I glimpsed a group of slender young women playing with a gilded ball. Divided into two camps, they battled gracefully for possession of the glittering bauble that a laughing young girl kept tossing high in the air.
–The Island Dream, Hermann Hesse (translated by Ralph Manheim)
Hesse’s writing was heavily inspired by other literary sources. His first short story, The Island Dream, is clearly inspired by Odysseus’s visit with the Phaeacians. In Book 5 of The Odyssey, Odysseus washes up on a beach, where he discovers a playful group of women in Book 6. The beautiful Nausicaa is the only one who isn’t freaked out by the hairy old man, thanks to Athena’s matchmaking.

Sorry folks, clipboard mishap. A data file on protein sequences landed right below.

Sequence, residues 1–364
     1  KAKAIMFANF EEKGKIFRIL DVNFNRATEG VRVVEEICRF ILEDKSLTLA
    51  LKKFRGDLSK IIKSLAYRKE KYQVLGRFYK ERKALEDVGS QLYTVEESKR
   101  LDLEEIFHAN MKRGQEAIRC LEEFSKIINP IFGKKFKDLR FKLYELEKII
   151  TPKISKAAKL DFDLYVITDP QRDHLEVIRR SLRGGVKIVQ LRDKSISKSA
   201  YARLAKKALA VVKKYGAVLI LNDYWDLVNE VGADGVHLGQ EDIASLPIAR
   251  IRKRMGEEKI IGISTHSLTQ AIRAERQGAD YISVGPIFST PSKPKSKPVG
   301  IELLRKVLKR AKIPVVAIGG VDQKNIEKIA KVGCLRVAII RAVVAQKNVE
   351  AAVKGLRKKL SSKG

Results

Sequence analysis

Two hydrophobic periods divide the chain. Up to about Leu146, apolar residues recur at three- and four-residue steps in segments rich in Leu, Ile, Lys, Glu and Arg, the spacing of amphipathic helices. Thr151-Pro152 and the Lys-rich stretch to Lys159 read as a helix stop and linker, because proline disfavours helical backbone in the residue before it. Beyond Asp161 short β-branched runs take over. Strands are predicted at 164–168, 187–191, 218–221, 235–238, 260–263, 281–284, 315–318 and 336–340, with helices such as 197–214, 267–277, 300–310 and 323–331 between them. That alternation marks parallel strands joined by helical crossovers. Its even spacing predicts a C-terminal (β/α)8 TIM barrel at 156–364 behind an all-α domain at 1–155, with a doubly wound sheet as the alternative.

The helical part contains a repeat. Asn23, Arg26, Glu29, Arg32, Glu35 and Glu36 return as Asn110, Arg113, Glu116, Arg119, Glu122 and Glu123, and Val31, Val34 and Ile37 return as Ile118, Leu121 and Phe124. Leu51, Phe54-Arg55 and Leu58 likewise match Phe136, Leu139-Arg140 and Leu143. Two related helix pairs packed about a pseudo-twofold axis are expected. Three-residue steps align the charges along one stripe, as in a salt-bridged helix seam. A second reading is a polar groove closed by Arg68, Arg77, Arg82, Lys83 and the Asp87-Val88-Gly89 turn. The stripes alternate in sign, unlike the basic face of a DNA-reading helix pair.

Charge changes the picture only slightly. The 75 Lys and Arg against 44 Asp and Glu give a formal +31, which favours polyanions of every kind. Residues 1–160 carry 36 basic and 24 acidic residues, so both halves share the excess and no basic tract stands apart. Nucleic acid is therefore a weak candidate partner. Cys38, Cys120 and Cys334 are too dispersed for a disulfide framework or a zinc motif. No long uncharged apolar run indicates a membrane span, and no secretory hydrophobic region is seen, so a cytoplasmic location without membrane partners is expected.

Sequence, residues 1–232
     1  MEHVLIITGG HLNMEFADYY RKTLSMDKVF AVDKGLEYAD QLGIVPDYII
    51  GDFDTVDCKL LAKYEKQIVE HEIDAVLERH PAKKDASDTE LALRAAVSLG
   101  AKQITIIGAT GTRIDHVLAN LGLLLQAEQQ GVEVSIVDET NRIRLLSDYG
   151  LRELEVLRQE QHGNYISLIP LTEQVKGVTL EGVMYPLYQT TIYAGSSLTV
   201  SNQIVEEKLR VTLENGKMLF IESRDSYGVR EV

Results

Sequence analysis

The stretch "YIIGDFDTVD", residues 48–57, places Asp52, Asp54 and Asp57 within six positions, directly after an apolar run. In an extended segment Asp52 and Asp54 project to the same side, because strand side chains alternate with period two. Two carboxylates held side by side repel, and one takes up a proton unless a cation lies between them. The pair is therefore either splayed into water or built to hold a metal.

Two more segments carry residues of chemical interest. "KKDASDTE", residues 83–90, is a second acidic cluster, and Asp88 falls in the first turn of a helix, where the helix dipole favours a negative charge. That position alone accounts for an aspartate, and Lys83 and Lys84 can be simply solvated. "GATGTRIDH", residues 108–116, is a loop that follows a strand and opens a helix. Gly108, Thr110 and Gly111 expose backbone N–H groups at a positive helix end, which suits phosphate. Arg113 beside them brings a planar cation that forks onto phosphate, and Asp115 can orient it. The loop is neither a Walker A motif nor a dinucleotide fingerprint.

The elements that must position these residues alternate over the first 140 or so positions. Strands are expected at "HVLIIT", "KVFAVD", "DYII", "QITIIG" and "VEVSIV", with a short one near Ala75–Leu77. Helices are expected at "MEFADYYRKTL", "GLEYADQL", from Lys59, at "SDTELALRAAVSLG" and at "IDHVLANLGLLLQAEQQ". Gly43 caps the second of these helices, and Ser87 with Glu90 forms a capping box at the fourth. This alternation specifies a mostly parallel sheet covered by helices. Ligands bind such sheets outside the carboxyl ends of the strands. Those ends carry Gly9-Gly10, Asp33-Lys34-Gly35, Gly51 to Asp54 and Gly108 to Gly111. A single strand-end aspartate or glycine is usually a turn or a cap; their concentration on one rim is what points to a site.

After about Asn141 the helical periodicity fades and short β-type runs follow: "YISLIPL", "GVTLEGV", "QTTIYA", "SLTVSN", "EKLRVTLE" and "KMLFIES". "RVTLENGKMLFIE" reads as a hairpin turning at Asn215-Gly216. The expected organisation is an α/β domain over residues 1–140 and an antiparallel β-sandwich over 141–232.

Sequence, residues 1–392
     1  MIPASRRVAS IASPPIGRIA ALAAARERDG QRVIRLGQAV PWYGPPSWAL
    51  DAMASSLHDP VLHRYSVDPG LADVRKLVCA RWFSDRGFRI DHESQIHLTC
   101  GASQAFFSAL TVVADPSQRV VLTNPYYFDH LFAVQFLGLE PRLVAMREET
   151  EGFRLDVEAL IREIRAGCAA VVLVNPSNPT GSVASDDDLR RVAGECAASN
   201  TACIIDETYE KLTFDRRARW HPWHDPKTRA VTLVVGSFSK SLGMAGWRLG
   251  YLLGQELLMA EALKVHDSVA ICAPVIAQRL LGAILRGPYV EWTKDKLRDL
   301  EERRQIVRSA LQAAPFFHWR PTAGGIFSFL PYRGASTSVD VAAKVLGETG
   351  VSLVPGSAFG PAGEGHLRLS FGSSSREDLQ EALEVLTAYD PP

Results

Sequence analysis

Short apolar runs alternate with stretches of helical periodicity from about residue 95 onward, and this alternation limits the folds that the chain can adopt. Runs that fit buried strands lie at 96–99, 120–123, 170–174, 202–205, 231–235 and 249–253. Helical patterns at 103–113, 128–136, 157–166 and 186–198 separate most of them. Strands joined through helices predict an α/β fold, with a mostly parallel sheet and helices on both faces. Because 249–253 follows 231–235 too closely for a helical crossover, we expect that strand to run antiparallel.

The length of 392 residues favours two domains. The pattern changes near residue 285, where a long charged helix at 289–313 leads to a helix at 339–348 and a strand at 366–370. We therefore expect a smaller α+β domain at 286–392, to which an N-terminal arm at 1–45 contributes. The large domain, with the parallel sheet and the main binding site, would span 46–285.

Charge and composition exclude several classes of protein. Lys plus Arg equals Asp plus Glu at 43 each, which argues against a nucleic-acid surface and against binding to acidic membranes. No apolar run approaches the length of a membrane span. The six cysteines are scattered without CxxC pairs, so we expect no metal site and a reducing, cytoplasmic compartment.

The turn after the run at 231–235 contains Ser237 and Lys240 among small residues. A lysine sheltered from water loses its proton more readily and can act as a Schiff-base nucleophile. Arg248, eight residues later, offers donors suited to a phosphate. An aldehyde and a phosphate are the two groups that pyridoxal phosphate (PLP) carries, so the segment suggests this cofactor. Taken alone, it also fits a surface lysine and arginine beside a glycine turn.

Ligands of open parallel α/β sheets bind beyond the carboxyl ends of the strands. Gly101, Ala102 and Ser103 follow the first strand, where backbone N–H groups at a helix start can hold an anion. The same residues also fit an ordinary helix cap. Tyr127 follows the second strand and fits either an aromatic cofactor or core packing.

So the noble Odysseus crept out from the bushes, after breaking off with his great hand a leafy bough from the thicket to conceal his naked manhood. Then he advanced on them like a mountain lion who sallies out, defying wind and rain in the pride of his power, with fire in his eyes, to hunt down the oxen or sheep or pursue the wild deer.
–The Odyssey, Homer (translated by E.V. Rieu)
Yikes. A tad more aggressive than young Hesse’s placid adventurer.
Nausicaa, William McGregor Paxton (1937)